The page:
First defendant in synthetic drug case that killed PR teen sentenced to 4 years
FARGO -- On Monday in federal court here, U.S. District Judge Ralph Erickson sentenced the first of nine people who have pleaded guilty in a Grand Forks-based synthetic drug ring blamed for killing two teenagers.
William Joseph Fox received a sentence of four years in federal prison for his admitted role in the crime.
The ruling gives a preview of what other defendants in the case might face in upcoming sentences, as soon as next week.
Fox, 24, was the roommate of Andrew Spofford, 22, the former UND student who admitted being the "hobby chemist" who ordered chemicals from overseas to make hallucinogens, including "analogues," which are chemically-similar versions of illegal drugs.
The two lived at 2200 4th Ave. N. in Grand Forks, where Spofford cooked and packaged his product. They were arrested in June.
Assistant U.S. Attorney Chris Myers told Erickson that Fox did not play a central role in the drug conspiracy and cooperated early in the federal investigation, helping investigators charge several others.
Fox told the judge he has had a lifetime of abusing alcohol and drugs and wants to get his life straight during his prison term, including going through a treatment program that could shorten his sentence.
He faced a drug conspiracy charge with a maximum sentence of 30 years in prison and a $2 million fine; federal guidelines indicated a sentence of as much as nine years would be recommended, based on the facts of his admitted crime and the amount of drugs involved.
But Myers, in agreement with Fox's attorney, Patrick Rosenquist, said Fox's difficult life, mental health problems and "substantial assistance" in the case, mitigated against his criminal history, including a methamphetamine felony conviction in Grand Forks in 2008.
According to a document filed by Rosenquist, Fox had a troubled childhood in which his parents abused drugs and broke the law. His mother died of a drug overdose when he was 11 and his father took his own life shortly after Fox, at 18, moved to North Dakota to live with him, Rosenquist said. Fox has mental health problems and was put on a suicide watch while in the Grand Forks County jail in recent months, said Rosenquist in seeking medications and an evaluation for his client last month.
Fox regrets the deaths and injuries caused by the hallucinogens, Rosenquist said.
On June 11, drugs made by Spofford led to the death of Christian Bjerk, 18, in Grand Forks, and the hospitalization of a 15-year-old boy, Myers said. On June 13, Elijah Stai, 17, ingested a hallucinogen made by Spofford and quickly went into a coma in East Grand Forks, dying June 15 in Altru Hospital.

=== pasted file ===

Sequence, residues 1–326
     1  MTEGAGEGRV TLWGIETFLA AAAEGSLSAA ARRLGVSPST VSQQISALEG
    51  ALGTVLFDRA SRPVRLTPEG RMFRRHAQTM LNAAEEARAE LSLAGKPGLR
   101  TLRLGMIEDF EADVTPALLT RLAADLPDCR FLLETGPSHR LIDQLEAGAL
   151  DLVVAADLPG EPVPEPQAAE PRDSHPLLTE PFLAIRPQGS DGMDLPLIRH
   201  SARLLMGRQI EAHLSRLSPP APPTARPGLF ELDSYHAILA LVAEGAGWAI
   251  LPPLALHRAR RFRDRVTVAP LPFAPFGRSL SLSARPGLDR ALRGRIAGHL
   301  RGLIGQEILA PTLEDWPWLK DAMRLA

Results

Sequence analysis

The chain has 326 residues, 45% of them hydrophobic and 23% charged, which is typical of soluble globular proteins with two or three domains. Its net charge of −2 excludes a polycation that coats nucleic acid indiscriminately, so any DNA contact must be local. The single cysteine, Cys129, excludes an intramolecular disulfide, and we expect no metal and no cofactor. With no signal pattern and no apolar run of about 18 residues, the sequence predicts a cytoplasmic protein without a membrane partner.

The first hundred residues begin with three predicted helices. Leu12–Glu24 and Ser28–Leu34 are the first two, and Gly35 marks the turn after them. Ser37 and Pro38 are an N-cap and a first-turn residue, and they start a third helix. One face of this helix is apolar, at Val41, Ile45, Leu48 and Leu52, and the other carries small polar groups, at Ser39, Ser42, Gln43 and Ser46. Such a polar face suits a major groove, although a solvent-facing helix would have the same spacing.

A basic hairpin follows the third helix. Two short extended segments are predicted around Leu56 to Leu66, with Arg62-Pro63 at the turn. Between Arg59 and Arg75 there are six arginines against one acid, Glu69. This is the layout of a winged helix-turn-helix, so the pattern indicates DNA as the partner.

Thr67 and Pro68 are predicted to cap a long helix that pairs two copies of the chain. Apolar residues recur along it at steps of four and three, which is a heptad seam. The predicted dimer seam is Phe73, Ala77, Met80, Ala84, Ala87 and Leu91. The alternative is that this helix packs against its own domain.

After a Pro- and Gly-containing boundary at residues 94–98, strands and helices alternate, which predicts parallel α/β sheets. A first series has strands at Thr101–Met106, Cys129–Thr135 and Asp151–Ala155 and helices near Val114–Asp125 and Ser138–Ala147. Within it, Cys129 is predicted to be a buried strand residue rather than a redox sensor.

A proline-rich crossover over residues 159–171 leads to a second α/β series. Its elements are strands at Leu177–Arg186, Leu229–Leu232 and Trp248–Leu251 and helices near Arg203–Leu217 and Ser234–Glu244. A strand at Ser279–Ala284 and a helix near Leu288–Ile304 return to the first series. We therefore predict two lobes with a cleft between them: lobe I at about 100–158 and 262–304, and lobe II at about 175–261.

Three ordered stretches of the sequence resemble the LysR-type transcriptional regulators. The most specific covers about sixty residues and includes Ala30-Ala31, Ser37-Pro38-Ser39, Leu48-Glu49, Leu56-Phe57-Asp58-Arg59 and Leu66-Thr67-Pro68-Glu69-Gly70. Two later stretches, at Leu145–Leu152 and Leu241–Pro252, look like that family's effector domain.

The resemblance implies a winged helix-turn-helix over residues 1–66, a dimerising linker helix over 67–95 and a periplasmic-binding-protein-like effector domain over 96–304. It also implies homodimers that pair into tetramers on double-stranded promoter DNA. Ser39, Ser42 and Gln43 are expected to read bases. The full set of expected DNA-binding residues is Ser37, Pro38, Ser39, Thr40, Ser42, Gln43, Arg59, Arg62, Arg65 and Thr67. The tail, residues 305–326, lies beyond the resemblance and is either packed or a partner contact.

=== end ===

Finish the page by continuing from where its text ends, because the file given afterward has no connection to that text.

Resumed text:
It appears the case is quickly unfolding.
Next week, Adam Budge, 19, East Grand Forks, and Wesley Sweeney, 18, of Manvel, N.D. -- who have pled guilty to more serious charges than Fox -- are scheduled to be sentenced. Their sentencing, however, might be postponed, Myers said.
Both face maximum sentences of life in prison and mandatory minimum sentences of 20 years, as well as a fine of $1 million after admitting their actions led to the deaths and injuries of those who took the drugs.
Under federal plea deals, it's possible to get less than the mandatory minimum on a charge.
Budge admitted stealing and buying hallucinogens from Spofford, mixing them into chocolate bars and giving them to Stai.
Sweeney admitted buying hallucinogens from Budge -- who had obtained them from Spofford -- and providing them to Bjerk and the 15-year-old boy.
Also due for sentencing next week in the case is Ronald Norling III, arrested last spring north of Grand Forks in possession of drugs and other materials traced back to Spofford.
Charged with similar crimes to Fox's, Norling faces a maximum sentence of 20 years. His attorney, Joseph Quinn, has argued for a sentence of two years, based on his cooperation and difficult life.
Judge Erickson agreed to Fox's request that he serve his four years in a low-security federal prison in Duluth, where Fox said he could benefit from educational and drug treatment programs.
Myers has charged 11 people in the conspiracy and says the investigation remains open.
Spofford, also facing a maximum sentence of life in prison, with a mandatory minimum of 20 years, has pleaded guilty, taking a deal with Myers, as have eight others.
Two men, Casey Rosen and Steven Bucher, have not taken plea deals yet and still are scheduled to go to trial.
Most of the 11 defendants were students at UND in recent years.